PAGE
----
Review: Sir Richard Bishop – “Oneiric Formulary”

“Oneiric”, as Merriam Webster or the Oxford English Dictionary might note, applies to content whose narratives are dream-like or packed with the stuffing of dreams. And so goes the central premise of Oneiric Formulary, the new LP by Sir Richard Bishop and the ex-Sun City Girls six-string guru’s first solo outing since releasing the masterful Tangier Sessions in 2015. “Oneiric” is an appropriate qualifier for the 10 songs Bishop presents here, as they seem to be captured in his guitar’s web through a kind of gauzy half-consciousness, that space between wakeful awareness and the surrealism of slumber.

Even a more straightforward tune like the infectious jazz-popped and vaguely Ribot-ish “Mit’s Linctus Codeine Co.” is filtered through a filmy sonic blindfold – the moon nothing more than a flashlight, covered in wax paper, shining its face on a cobwebbed ceiling. Good luck finding the floor as you traverse this thing. Oneiric Formulary is a record that rejoices in its implicit logic, however bizarre. It keeps the listener wandering a bit in the dark, waiting for the next drop in elevation to take off in flight.

I’m sad to report, though, that the new record, out 17 April via Drag City, is often more inconsistent than past Sir Richard Bishop efforts, with Bishop darting between majestic acoustic balladry and often only half-initiated experimentation. For all the wonder of the life-affirming “Celerity”, a real gem, where Bishop’s race-to-the-finish bravado occasionally leans flamenco, there’s “Graveyard Wanderers”, a muddy, joyless nine-minute noise romp sans any semblance of stringed instruments. Drag City should have nudged him to leave much of that track on the cutting-room floor. Bishop nails his southeast Asian points of reference on the hip-shaking, pitch-perfect “Dust Devils” but aims for pathos. He comes up with something paltry, on the sparse, sometimes-interesting/sometimes-lost tune “Renaissance Nod”. If “Celerity” is daring, opener “Call to Order”, the song that precedes it, is disposable. For Bishop, a master at his craft, it’s a weird kind of unevenness.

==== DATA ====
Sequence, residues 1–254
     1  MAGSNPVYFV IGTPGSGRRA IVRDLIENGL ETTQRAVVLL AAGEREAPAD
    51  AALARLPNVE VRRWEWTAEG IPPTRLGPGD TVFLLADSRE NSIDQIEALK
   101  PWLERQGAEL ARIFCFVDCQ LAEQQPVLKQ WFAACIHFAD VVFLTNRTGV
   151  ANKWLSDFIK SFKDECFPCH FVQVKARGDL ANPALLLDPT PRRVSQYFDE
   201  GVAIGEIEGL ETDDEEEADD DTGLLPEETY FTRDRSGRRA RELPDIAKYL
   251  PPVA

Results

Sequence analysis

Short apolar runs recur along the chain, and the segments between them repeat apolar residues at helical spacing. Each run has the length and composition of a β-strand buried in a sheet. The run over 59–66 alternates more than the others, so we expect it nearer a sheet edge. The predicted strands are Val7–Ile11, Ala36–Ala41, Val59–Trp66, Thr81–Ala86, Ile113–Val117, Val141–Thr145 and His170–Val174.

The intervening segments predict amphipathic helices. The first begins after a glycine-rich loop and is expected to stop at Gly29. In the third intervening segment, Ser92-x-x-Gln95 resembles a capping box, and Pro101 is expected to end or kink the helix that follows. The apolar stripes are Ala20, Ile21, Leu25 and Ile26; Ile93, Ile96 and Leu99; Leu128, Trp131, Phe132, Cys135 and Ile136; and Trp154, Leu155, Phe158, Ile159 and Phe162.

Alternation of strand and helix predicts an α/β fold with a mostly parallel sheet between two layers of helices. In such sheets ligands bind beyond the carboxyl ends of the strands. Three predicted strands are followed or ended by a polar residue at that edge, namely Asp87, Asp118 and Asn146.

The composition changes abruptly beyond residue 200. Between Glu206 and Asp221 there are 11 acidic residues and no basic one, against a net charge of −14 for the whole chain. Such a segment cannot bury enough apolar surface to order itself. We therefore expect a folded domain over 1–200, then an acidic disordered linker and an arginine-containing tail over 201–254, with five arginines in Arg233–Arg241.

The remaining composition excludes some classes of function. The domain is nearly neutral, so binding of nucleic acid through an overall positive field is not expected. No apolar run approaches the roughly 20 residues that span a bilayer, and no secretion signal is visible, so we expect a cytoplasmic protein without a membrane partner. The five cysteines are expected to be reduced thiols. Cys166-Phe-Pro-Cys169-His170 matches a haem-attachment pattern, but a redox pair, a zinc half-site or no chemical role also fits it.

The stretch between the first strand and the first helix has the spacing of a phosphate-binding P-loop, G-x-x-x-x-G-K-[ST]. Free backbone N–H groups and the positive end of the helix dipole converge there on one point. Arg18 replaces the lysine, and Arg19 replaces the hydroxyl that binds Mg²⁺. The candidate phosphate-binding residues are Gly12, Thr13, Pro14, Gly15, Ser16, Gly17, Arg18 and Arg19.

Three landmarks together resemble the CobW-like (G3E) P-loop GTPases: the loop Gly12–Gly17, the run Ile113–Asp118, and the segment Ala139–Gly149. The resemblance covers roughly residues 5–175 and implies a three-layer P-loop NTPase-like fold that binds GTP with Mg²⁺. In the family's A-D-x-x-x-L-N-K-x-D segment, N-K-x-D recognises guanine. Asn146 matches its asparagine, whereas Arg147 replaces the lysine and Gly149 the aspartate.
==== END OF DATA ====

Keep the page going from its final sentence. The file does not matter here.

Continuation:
Oneiric Formulary being a Sir Richard Bishop record, there are moments, of course, that will blow your mind. He doesn’t hesitate to serve up his instrumental compositions with signature flair. On the beatific and sometimes-Appalachian “Enville”, which falls in the LP’s closing quarter, Bishop emulates and seemingly one-ups the blues fingerpicking transcendence of a John Fahey or Leo Kottke – no small feat. The closing arpeggios take a song like Fahey’s “Sligo River Blues”, with its almost-somber and methodical pacing, and injects it with loads of caffeine or dream-amphetamines. Utterly mesmerizing. The song is followed by “Black Sara”, with its flamboyant colors and extra-musical turns of phrase. Then again, that song, unfortunately, is followed by “The Coming of the Rats”, which accents its dissonant blues scales with the borderline annoying, eBow-like buzz of an ever-present synthesizer.

Thankfully, Bishop closes the record in style with the classical guitar noodling of “Vellum”. Here, there are throngs of themes and points of departure, bridges where Bishop sounds all too willing to launch his hammered-on trills and six-string head-spins like so many fireworks in a black night sky. The work is steady-handed, even conservative by the guitar experimentalist’s standards, and goes six minutes or so without losing its footing. About halfway through, “Vellum” again flirts with the levity and bombast of flamenco, and it’s in moments like this when you realize that Bishop, even in his lesser moments, can cast a mean spell on listeners’ ears.

Even when this man is aiming for the target and missing, his calculations are worth noting and experiencing. Oneiric Formulary, in turn, might not be his best record or feature his best work – but it’s more engaging and sonically adventurous than most of what those who consider themselves the lauded experimental jet-set can muster. There’s a reason this guy goes by “Sir”. – Justin Vellucci, PopMatters, April 13, 2020

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